Is it me, or do the critics tend to gloss over the often rather major flaws in Bellow`s novels far more than they do other writers? This is an absorbing and interesting book, and it has a lot of energy propelling it along, but it is not what I would consider masterfully structured. Also the Augie character, as I stated before, never becomes Big to me, never becomes a Symbol of anything that strikes me as really important. I know the big idea is that he`s the immigrant asserting himself as a voice and player on the American scene, but in the character himself there is no pull of any real foreign culture that makes one feel he is an immigrant, or the descendants of them. I never feel that. He`s more at home in America than I am, for Christ`s sake.

p.345--In a Paris or a London where the distinction of the sun isnt so great, in the grays and veilings, it isn`t credited with its full power, and many southern people have envied those places the virtues it`s possible to think of having in the cool or cold. Mussolini was not kidding about blasting pieces out of his Alps and Appenines to let the cold foggy currents of Germany over the peninsula and make the Perugini and the Romans into fighters.

p.351--What he was fishing for was my calling. I suppose he knew that I didn`t have one I could announce even to these worldly people--for I imagined they were of the great world, and they just about were.

p.358--I had yet to find out how little people want you to succeed in an extraordinary project, and what comfort some have that the negligible is upheld and all other greater effort falls on its face.

p.366--``He`s going to show everyone, and knock people down with his success. Whoever thought he was nothing but an international bum, and that`s everybody in the world who ever laid eyes on him, now`s going to be shown. Boy! People are right where he left them, and he`s going to come back and wow them. He has been around the world too, but he didn`t know it because he was drunk.`` As he said this, Oliver appeared to my thought in a shack of Outer Mongolia, where soldiers in quilted coats saw him lying in his vomit in a stupor. Moulton liked to show that ill, miserable things supplied the unity of the world. Only amusement supposedly made this tolerable, and so he specialized in amusement. All these people, the whole colony, did that.---This is my favorite paragraph in the book, I think.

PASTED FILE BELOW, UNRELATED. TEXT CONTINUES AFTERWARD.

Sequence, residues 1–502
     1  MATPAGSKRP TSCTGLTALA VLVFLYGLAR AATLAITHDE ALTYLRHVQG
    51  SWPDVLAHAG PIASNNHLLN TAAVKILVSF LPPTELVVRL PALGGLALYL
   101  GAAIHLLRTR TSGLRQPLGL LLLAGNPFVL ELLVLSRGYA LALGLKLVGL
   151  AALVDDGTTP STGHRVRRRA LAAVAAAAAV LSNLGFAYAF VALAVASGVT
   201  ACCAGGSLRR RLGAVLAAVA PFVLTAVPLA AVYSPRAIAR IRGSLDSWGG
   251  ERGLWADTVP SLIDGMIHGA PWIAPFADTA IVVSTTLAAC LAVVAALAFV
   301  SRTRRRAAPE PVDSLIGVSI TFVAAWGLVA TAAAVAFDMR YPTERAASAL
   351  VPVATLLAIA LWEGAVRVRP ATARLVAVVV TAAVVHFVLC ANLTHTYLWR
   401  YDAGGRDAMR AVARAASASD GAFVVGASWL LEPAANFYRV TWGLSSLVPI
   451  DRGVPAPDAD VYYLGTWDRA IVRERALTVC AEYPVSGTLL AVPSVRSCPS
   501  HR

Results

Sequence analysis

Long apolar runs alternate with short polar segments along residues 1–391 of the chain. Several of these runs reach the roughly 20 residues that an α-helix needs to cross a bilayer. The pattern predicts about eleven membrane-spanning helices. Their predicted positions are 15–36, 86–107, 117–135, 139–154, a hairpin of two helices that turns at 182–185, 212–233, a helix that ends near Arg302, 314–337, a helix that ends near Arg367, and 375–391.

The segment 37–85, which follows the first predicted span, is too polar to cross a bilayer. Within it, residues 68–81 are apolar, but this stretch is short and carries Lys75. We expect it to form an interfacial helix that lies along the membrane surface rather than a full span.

p.368--Boredom is strength, Bolingbrooke. The bored man gets his way sooner than the next guy. When you`re bored you`re respected.

My impression of the whole excursion to Mexico is of course that expat life looks like great fun. It has that collegial atmosphere, where since no one really has to work and they don`t have to spend all day driving around doing errands and they need an excuse to get out of the house they end up by default hanging out in the cantina with each other most of the day, planning parties and hunting trips and scheming on everybody else`s wife/girlfriend. These kinds of scenes always turn dark and end badly in novels, it is true--what choice do they really have?--but the people in them always then move on to another interesting or exotic place filled with a new cast of bored beautiful people, so maybe that isn`t so bad as we bourgeois have been frightened by our attorneys into believing.

I am thinking I shouldn`t put in so many quotes, but then in theory if someone were checking into my site for 5 minutes a day seeking amusement or knowledge of some kind nine or ten short quotes that are either humorous or interesting in some way, especially if culled from a famous work of literature, would not be too forbidding.

I have probably 2 or 3 more posts I want to do on this book.